Former London currency trader and Conservative Party Councilor Macer Gifford left his high-flying City career in December 2014 to join the fight against Islamic State. Now he’s returning to Syria, this time at the helm of his own aid organization.
Although hundreds of Westerners have traveled to Iraq and Syria to join jihadist ranks in recent years, throwing in their lot with Islamic State (IS, formerly ISIS/ISIL) and other extremist groups, a smaller, yet significant, number have joined the fight against the Islamists.
Gifford, 30, who has twice traveled to the region to fight alongside the Kurdish YPG, the People’s Protection Units, lacked any formal military training or language skills when he struck out for the frontlines of Rojava – a predominantly-Kurdish region of northern Syria bordering Turkey.
Shocked by the medical situation he found in the areas liberated from ISIS control, Gifford launched the Zurich-based Friends of Rojava Foundation to help restock and rebuild northern Syria’s shattered health system.
“The ambition really is to become one of the major suppliers of humanitarian aid, or particularly hospital aid, in all of Syria,” Gifford told RT’s Rob Edwards.
“Very soon I’ll be reaching out to the Russian government to get them to help me transfer equipment directly to their airbase within Rojava in Qamishlo and really trying to create more of a dynamic relationship on a human level between the Kurdish people fighting in northern Syria and the Russian government, and that would have huge implications for my charity.”
Gifford describes his journey from the world of finance to combat and advocacy work.
“The story begins at my desk,” said Gifford.
“It begins with a job that involves a huge amount of studying. The one thing that moves the currency markets is politics. And the events of the summer of 2014 were shocking everyone to their core and were making markets quite volatile.
“My days were spent, for hours at end, reading newscasts and news articles about what was going on in Syria and Iraq. And just watching the people surrounded on Sinjar Mountain, just watching the events in Kobani with the heroic liberation movement fighting for survival, it really inspired me and it became an obsession.”
The violent extremist group calling itself Islamic State was relatively unknown beyond foreign policy and intelligence circles before summer 2014. But the group’s rapid advance across both Iraq and Syria, its attacks on the Yazidi population and execution of journalists and aid workers hammered Abu Bakr al-Baghdadi’s millenarian movement into the public consciousness.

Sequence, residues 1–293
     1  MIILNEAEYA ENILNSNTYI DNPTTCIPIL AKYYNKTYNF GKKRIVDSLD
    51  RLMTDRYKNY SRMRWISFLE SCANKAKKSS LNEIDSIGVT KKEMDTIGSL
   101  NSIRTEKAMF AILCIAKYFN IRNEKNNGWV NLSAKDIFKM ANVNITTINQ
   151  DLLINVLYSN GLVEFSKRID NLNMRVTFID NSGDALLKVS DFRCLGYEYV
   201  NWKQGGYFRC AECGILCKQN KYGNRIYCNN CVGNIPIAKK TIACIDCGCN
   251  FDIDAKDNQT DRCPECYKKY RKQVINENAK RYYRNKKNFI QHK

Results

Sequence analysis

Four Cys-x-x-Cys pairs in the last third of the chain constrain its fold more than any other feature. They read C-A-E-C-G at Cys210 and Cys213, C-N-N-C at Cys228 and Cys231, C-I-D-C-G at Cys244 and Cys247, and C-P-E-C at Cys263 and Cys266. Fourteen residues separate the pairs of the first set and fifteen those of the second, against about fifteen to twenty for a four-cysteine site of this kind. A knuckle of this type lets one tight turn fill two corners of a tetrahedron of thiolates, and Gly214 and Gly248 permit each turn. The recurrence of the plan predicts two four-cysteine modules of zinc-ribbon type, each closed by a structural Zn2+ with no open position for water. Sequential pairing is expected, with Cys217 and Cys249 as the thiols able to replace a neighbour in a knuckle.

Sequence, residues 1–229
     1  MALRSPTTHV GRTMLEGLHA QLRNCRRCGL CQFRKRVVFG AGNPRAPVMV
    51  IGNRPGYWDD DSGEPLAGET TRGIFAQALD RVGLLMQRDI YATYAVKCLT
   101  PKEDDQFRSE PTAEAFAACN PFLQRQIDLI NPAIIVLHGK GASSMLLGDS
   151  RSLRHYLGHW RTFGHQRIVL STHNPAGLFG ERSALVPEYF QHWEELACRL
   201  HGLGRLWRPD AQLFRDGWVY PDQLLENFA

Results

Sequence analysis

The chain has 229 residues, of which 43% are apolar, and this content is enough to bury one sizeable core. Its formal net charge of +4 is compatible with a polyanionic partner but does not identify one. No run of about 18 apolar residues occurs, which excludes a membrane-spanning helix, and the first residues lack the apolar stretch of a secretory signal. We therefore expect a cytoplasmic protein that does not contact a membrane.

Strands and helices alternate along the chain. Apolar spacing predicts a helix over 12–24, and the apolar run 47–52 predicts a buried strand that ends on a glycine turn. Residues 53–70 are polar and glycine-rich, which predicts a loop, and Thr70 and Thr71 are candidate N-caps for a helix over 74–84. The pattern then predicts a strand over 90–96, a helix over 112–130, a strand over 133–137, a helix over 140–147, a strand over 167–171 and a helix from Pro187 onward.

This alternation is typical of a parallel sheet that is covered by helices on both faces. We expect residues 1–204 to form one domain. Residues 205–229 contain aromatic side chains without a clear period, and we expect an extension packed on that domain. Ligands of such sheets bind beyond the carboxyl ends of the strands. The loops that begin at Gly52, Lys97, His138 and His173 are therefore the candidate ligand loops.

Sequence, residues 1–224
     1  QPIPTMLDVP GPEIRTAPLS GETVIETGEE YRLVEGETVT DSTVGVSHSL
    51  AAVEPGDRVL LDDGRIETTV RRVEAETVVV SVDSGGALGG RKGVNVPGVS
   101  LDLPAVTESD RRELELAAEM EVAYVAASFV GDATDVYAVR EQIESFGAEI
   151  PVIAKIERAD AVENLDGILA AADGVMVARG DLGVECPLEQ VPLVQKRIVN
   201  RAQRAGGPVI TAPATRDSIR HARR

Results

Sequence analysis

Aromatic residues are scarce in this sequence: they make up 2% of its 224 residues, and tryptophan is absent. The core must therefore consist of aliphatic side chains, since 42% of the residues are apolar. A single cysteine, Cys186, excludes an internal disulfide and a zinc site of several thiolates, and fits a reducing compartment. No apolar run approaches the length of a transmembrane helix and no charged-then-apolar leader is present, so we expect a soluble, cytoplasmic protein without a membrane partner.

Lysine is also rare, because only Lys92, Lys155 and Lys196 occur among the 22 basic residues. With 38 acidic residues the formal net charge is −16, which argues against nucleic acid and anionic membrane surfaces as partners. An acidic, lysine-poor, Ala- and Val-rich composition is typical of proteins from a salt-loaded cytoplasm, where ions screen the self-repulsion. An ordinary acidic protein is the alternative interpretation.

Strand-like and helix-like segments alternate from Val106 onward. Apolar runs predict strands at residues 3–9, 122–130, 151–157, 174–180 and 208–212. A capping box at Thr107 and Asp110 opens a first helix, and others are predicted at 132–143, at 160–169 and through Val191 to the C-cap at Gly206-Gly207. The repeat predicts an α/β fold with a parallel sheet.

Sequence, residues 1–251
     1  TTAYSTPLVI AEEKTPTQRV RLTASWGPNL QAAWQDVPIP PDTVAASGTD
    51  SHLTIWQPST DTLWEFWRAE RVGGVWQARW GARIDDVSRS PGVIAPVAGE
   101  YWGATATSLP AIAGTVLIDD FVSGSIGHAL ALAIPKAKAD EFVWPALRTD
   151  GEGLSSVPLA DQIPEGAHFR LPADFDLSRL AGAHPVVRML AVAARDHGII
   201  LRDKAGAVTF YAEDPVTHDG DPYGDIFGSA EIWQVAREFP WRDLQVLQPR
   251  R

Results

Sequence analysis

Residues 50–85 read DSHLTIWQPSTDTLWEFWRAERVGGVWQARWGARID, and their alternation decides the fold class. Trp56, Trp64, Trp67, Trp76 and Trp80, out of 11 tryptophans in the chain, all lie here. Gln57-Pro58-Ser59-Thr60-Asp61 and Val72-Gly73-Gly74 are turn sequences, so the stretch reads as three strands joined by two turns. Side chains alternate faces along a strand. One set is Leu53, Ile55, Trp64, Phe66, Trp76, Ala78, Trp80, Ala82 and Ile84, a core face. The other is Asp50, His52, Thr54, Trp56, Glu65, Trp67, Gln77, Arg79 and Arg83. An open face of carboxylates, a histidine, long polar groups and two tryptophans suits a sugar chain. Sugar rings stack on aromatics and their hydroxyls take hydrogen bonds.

“With all those journalists sitting and being murdered on their knees in orange jumpsuits, watching women being carted off and to be sold into sexual slavery, these images were just probably the most foulest and horrendous – it was an act of genocide, basically, and no one was really talking about it.”
It was this sense of frustration at government inaction that eventually drove Gifford to get involved.
“Britain and America didn’t have a coherent strategy to get rid of ISIS, they didn’t know what their response should be, and I felt that as a citizen – as a civilian who goes out there, joins the people that are suffering the most – if I could learn from them and explain and articulate to the West what they’re fighting for, then maybe something good will come out of this. So, I almost consider myself more of an educator than a fighter.”
Although Gifford says he discourages other Westerners from following in his footsteps – those like Ryan Lock, the third British volunteer killed while fighting alongside the YPG in December last year – he insists they are fighting a moral cause.
“Of course Ryan’s presence there, it’s not for me to say yes or no whether he should be there. We’re all on our own journey, we’ve all gone there for our own reasons … it would be ridiculous of me to say that he shouldn’t have been there.
“I saw the movement there as a fight between good and evil, between democracy and fascism, very much like the civil war in Spain in the 1930s.
“I made contact with the YPG on Facebook, they told me to fly to Sulaimaniya, where I would be met by someone who would facilitate my transfer across the border, and so in December 2014 I left my home and just went for it. And it was probably one of the best decisions I’ve ever made.”
Besides risking their lives by entering active warzones, often without any formal military training, foreign fighters also risk arrest under counter-terrorism laws on their return home to Britain.
Gifford says those fighting the jihadists should be treated differently under British law to those fighting for IS.
“There is a very incoherent policy when it comes to returning fighters. I think the lines are less blurred when it comes to those who fight for jihadist groups.
“Any extremist needs to be in prison, and I’ve got a very hard view on this. In fact, anyone who goes and actually sets foot on a plane, never mind actually physically gets to Syria, belongs in a jail cell, because the very moment you get on that plane, you’ve attempted murder, you’re trying to assist in what these people are doing out in Syria.
“However, those that fight against ISIS, that fight against international terrorists – for a group that are supported by Britain, supported by the Americans and gets a lot of support from international journalists – they should not be treated as terrorists.”
(‘Macer Gifford’ is not the real name of the individual concerned – it is his nom de guerre. There is another individual whose real name is Macer Gifford who has no connection to the individual described in this article.)